Did you know that the placenta, connecting a baby to its mother, is an organ? Anna-Elizabeth Kreuder reminds us of this in a recent Ted Talk, while also explaining that she has always had a fascination with how drugs affect and help the human body, as well as causing adverse reactions. She is also a proponent of moving from a 2D world to a 3D one, and along with her research team has turned to the manufacturing of an innovative new 3D printer; actually, it is a bioprinter meant to help further healthcare for pregnant women as the scientists build cells for ongoing study.
“What I do every day is I 3D print the human placenta,” explains Kreuder, a PhD student in Germany at Berlin Technical University.
Liquid cell glue is chelated with exposure to light, and the scientists are able to create specific bioprinted disks encapsulating the material. The disks are tiny, and Kreuder likens them to ‘little gummy bears.’ Although they are substantially smaller than a real placenta, the disks work in exactly the same way—and have the same properties as they are bioprinted from real placenta cells. The team has also gone beyond 3D and to the next level with 4D, experimenting with the form of the disk as they needed it to morph into different shapes.
“After the 3D printing process, I needed to make sure that the cells, that they feel as if they were in our body,” says Kreuder. “I put them in a nutritious medium, in a liquid, in a component like human blood, and I keep it at body temperature—37 degrees. And then, over time, I see something amazing. I see that the cells, they grow and divide, and they interact with their environment. They actually remodel it. That means they are building their own environment.”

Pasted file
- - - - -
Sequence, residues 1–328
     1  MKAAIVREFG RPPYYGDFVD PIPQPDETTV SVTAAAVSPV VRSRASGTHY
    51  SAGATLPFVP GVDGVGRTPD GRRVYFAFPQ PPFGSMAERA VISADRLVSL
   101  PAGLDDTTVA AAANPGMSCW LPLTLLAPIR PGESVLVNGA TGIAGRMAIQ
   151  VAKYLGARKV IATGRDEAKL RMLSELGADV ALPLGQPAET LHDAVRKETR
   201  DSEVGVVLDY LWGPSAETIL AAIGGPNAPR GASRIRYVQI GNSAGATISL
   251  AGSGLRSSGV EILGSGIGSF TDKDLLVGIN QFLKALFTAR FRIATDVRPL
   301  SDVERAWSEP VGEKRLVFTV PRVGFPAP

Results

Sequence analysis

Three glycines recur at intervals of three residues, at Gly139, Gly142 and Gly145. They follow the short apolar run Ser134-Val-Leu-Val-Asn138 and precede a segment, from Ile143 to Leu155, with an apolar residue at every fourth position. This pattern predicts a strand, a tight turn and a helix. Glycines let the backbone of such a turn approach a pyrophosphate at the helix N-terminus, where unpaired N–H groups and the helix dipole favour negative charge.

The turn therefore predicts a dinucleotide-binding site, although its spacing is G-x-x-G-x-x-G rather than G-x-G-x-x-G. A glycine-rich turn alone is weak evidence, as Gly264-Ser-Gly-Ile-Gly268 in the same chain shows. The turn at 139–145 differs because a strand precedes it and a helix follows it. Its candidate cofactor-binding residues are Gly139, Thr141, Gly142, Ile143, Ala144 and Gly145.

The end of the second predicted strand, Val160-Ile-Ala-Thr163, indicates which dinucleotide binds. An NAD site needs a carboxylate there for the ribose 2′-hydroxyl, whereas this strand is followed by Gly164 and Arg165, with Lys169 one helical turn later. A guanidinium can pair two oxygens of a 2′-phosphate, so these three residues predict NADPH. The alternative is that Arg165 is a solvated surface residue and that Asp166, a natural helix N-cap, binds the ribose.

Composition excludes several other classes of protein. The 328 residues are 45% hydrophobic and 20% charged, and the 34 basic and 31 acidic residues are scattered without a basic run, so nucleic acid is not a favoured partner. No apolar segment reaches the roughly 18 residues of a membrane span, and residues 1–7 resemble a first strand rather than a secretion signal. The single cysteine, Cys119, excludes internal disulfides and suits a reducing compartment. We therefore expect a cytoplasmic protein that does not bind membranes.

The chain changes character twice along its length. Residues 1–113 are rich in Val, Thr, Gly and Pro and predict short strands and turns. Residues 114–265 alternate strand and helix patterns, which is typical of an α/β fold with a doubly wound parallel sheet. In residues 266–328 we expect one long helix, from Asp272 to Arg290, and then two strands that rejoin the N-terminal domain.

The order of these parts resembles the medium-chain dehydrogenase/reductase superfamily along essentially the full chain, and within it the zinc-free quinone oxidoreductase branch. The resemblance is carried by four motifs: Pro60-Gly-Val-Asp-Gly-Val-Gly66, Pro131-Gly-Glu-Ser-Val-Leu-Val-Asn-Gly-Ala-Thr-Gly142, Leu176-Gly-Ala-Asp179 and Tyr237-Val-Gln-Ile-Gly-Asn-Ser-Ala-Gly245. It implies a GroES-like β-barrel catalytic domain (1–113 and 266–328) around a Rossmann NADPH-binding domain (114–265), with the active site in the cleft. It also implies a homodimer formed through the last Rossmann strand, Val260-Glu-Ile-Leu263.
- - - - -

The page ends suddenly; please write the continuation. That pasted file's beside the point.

We have followed numerous stories regarding the fourth dimension with printing, but normally it applies to textiles or items meant for consumer comfort as a fabricated item is able to transform itself as needed. This could be a fashion item such as a dress or a shoe or even a seat for a luxury car. As it pertains to 4D printing here, the placenta cells are basically just being allowed to do what they do best—build a biological structure:
“I see that the cells they grow and divide, and they interact with their environment, and they actually remodel it. That means that they are building their own environment and that is the most natural form you can have because the cells know best…”
This allows the scientists to do further research examining issues such as nutrition or ingestion of different drugs during pregnancy. The 3D printed placenta can translate to other applications as well, not to mention other fabrication of ‘mini-organs.’ Krueder closes her speech by recommending to the audience, however, that they take care of their organs “because we cannot print them just yet.”
What do you think of this news? Let us know your thoughts! Join the discussion of this and other 3D printing topics at 3DPrintBoard.com.[Source/Images: Bioprinting the Human Placenta]